Please note: the fire engine is now on view next to the John Bull in 1 East.
Covered wagons have long held an important place in the real and storied past of the nation by enabling settlement to spread from the Atlantic to the Pacific. Until the 1850s, Conestoga wagons such as this one helped settlers just beyond the mid-Atlantic region compete in national and even world markets. Hauling supplies and finished goods over the Allegheny Mountains to what was then the western frontier and returning to Philadelphia and Baltimore with the agricultural bounty of the land, wagons were part of the commercial life blood of the nation. Today, after more than a century of disuse, covered wagons still hold an evocative place in the memory of the American experience.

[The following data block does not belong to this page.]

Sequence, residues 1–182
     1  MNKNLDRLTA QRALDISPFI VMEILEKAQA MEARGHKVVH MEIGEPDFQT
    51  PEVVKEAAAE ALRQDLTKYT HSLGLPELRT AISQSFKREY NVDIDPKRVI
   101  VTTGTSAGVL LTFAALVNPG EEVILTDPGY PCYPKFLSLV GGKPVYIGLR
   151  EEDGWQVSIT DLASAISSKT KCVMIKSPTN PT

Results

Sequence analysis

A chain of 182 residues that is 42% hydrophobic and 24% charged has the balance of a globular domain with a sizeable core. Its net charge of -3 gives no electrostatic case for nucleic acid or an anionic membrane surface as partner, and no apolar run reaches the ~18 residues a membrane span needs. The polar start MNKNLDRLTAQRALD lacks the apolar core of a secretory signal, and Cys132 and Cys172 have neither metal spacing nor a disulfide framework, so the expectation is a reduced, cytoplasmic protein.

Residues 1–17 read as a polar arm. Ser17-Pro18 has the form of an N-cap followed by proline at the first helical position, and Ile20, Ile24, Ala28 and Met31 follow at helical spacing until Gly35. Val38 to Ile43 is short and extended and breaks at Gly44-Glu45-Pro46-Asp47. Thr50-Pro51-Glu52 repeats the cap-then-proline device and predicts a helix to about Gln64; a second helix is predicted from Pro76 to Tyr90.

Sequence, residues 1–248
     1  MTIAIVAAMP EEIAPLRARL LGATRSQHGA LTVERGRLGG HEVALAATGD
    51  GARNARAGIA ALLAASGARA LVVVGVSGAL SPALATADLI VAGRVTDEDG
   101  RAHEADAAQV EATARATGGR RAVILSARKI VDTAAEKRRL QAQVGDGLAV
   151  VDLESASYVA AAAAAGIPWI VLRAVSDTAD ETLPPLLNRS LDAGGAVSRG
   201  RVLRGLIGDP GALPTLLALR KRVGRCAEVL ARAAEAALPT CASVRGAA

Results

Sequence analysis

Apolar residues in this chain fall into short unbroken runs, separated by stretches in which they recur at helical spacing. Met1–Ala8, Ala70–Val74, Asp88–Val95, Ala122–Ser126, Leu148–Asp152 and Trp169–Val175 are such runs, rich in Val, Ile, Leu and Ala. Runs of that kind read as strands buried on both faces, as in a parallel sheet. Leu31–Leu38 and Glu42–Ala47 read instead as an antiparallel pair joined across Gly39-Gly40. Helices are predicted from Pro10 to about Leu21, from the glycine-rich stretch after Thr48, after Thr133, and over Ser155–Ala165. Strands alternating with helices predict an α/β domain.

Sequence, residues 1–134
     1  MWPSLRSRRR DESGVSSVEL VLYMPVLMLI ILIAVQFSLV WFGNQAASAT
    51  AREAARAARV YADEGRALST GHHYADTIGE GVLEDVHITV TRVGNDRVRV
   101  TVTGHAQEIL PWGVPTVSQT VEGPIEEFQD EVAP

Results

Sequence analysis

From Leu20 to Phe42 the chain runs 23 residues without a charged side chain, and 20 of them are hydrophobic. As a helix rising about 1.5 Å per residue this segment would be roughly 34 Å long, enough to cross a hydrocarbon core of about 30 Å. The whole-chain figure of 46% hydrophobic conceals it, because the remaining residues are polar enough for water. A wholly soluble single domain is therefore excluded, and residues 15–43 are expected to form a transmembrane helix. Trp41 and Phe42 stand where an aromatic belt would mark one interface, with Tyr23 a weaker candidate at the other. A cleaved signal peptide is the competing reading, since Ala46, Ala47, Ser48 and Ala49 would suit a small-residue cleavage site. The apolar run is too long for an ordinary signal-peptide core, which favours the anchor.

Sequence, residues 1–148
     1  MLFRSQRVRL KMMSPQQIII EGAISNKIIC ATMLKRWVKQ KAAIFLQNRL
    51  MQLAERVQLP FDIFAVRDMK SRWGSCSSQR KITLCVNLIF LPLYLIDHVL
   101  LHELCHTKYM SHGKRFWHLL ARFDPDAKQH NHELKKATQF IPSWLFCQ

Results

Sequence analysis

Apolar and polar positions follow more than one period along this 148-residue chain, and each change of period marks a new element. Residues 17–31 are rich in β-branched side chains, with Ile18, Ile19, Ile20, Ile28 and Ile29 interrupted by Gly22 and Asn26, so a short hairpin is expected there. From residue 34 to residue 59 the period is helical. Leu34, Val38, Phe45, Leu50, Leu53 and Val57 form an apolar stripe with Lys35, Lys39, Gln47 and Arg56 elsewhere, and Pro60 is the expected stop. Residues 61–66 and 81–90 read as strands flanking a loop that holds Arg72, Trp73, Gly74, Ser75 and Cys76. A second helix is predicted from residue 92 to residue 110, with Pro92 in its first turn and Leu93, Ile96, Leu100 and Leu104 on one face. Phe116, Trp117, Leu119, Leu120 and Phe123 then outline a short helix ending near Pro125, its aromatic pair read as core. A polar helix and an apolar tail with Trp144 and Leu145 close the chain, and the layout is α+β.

Hand-Pumped Fire Engine
Built by Betts, Harlan & Hollingsworth (Wilmington, Delaware)
Developed in Philadelphia in the late 18th and early 19th century, this style of engine was pulled by hand to a fire. Pump handles, called “brakes,” and standing boards folded up to maneuver through crowded streets. With these extended, twenty or more firefighters could operate the pumps, with several teams working in short shifts. An engine of this size could throw over 100 gallons a minute on a blaze from a distance of 150 feet or more. Firefighters directed streams either from a long nozzle fixed on top or through leather hoses attached to discharges at the sides. Though earlier engines were filled by buckets, pumpers of this period were equipped with suction to draw directly from municipal hydrants and cisterns.